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Blender 2.83.18 LTS released

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Blender 2.83.18 LTS (Long Term Support) has just been released, adding 21 more bug fixes to one of the stablest and most well-maintained versions of Blender yet.

This marks the seventeenth(!!) maintenance release in the 2.83 LTS series, bringing the total number of fixes since the original release to more than 263 so far. The 2.83 LTS program is expected to be maintained until 2022. Some of the fixes include plugging modelling related memory leaks, bug fixes and more.

Blender's LTS program runs alongside the regular Blender releases (Blender 2.93.4 LTS has just been released!), and provides long-term support for one stable version of Blender to allow studios and individuals to finish big productions without having to swap versions to benefit from bug updates. You can check out the Blender LTS schedule here.

Read the changelog or get the latest version of Blender 2.83 LTS in the link below.

About Author

Mario Hawat

Mario Hawat is a Lebanese 3D artist, writer, and musician currently based in Paris. He is a generalist with a special focus on environments, procedural and generative artworks. Open to freelance work.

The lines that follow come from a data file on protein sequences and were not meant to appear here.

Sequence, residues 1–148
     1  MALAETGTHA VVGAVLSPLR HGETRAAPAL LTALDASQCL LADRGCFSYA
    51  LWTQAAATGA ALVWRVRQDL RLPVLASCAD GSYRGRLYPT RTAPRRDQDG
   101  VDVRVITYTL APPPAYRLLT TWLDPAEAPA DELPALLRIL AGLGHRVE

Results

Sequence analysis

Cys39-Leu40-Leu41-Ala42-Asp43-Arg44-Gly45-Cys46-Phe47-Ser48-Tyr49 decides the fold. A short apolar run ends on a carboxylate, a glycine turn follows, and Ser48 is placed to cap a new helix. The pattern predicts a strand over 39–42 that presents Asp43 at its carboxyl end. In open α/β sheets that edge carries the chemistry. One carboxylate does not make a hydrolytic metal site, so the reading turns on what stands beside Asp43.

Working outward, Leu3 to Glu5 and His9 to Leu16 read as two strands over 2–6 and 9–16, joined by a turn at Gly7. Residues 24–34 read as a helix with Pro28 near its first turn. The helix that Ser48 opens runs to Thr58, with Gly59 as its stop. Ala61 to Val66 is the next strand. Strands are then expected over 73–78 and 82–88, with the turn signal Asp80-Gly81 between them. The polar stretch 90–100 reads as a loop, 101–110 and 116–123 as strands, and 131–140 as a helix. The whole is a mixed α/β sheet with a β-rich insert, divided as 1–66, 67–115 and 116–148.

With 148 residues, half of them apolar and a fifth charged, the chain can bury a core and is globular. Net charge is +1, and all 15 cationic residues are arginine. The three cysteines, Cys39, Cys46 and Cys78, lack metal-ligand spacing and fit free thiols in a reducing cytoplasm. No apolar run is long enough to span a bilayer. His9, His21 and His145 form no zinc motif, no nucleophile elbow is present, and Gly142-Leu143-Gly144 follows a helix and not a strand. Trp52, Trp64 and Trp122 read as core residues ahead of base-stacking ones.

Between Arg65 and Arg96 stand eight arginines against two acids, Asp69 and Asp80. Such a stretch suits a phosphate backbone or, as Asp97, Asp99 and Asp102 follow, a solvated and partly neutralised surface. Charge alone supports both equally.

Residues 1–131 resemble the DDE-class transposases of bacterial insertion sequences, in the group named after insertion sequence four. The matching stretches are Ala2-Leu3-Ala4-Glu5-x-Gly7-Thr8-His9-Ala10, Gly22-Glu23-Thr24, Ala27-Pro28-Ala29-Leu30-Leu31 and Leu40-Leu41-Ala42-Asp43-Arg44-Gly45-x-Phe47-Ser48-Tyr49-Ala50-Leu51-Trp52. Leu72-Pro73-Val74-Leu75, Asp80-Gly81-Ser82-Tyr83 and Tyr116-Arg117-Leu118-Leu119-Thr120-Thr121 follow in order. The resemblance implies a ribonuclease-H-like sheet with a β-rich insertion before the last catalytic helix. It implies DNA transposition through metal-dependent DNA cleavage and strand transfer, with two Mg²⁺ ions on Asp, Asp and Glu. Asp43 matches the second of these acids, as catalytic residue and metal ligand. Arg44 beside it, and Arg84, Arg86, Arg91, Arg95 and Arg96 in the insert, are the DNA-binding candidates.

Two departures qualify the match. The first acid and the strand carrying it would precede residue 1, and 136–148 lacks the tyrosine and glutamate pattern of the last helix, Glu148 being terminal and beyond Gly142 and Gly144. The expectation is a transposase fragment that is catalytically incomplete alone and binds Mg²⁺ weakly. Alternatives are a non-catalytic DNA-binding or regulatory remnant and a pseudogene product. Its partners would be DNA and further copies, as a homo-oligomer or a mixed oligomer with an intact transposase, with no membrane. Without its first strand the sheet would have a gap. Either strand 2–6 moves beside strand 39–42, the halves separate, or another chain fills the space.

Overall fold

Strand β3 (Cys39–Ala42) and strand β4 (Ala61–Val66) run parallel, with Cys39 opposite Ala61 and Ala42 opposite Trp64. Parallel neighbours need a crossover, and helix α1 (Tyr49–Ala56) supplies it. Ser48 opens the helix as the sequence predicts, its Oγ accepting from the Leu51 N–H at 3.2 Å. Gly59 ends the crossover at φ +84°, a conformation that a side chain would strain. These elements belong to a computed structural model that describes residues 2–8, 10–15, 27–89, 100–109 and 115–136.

2 Comments

  1. i love 2.83. It just gets better and better. I see it as the successor of '79.
    So stable. So gud. Keep on keeping on foundation!

    • Hey MASTERXEON1001! Hey Mario! Could either of you give a bit of info on the advantages of sticking to an LTS release? Even since I started using Blender, I've been keen on keeping Blender and my addons updated to the latest version and have only had one version installed at a time. I don't use experimental versions - as I'm constantly working on production content for my sleeper IP.

      Xeon - I've watched a lot of your content (which is an absolute treasure) and noticed that you along with others like Chipp Walters, and other hardcore Blender video providers will be using different versions to ensure and communicate to the viewer that the feature or addon that you are demonstrating is in some way dependent on that version, which is completely understandable.

      I am wondering from a solo-dev standpoint. Like I said, I'm working on my own IP, which is a game being made using Unity, and I have become obnoxiously accustomed to being as efficient as possible. I know there is some edge to standing your ground in an LTS release - but with so many addons being intermittently dependent on the newest Blender version it's a tough thing to sift out.

      Any advice you have would be much appreciated - even if it's a link to information elsewhere.

      Thanks for reading and keep on pushing Blender's bleeding edge. :^)

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